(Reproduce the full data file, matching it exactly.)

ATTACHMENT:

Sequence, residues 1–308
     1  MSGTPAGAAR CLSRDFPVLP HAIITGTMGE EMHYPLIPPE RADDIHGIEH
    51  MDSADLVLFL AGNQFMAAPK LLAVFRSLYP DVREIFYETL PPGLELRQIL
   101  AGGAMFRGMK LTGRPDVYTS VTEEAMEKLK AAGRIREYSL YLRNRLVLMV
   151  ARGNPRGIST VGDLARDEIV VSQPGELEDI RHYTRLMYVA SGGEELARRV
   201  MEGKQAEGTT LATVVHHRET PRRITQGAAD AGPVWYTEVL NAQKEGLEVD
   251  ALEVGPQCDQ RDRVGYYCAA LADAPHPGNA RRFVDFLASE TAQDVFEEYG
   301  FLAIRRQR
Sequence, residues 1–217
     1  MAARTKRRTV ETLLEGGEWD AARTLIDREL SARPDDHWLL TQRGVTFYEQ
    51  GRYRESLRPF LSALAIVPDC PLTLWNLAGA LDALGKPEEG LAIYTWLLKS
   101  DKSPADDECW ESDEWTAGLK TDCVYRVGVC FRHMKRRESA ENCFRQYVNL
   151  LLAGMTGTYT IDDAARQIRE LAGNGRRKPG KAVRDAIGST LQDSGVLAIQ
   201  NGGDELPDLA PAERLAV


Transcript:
Sequence, residues 1–308
     1  MSGTPAGAAR CLSRDFPVLP HAIITGTMGE EMHYPLIPPE RADDIHGIEH
    51  MDSADLVLFL AGNQFMAAPK LLAVFRSLYP DVREIFYETL PPGLELRQIL
   101  AGGAMFRGMK LTGRPDVYTS VTEEAMEKLK AAGRIREYSL YLRNRLVLMV
   151  ARGNPRGIST VGDLARDEIV VSQPGELEDI RHYTRLMYVA SGGEELARRV
   201  MEGKQAEGTT LATVVHHRET PRRITQGAAD AGPVWYTEVL NAQKEGLEVD
   251  ALEVGPQCDQ RDRVGYYCAA LADAPHPGNA RRFVDFLASE TAQDVFEEYG
   301  FLAIRRQR
Sequence, residues 1–217
     1  MAARTKRRTV ETLLEGGEWD AARTLIDREL SARPDDHWLL TQRGVTFYEQ
    51  GRYRESLRPF LSALAIVPDC PLTLWNLAGA LDALGKPEEG LAIYTWLLKS
   101  DKSPADDECW ESDEWTAGLK TDCVYRVGVC FRHMKRRESA ENCFRQYVNL
   151  LLAGMTGTYT IDDAARQIRE LAGNGRRKPG KAVRDAIGST LQDSGVLAIQ
   201  NGGDELPDLA PAERLAV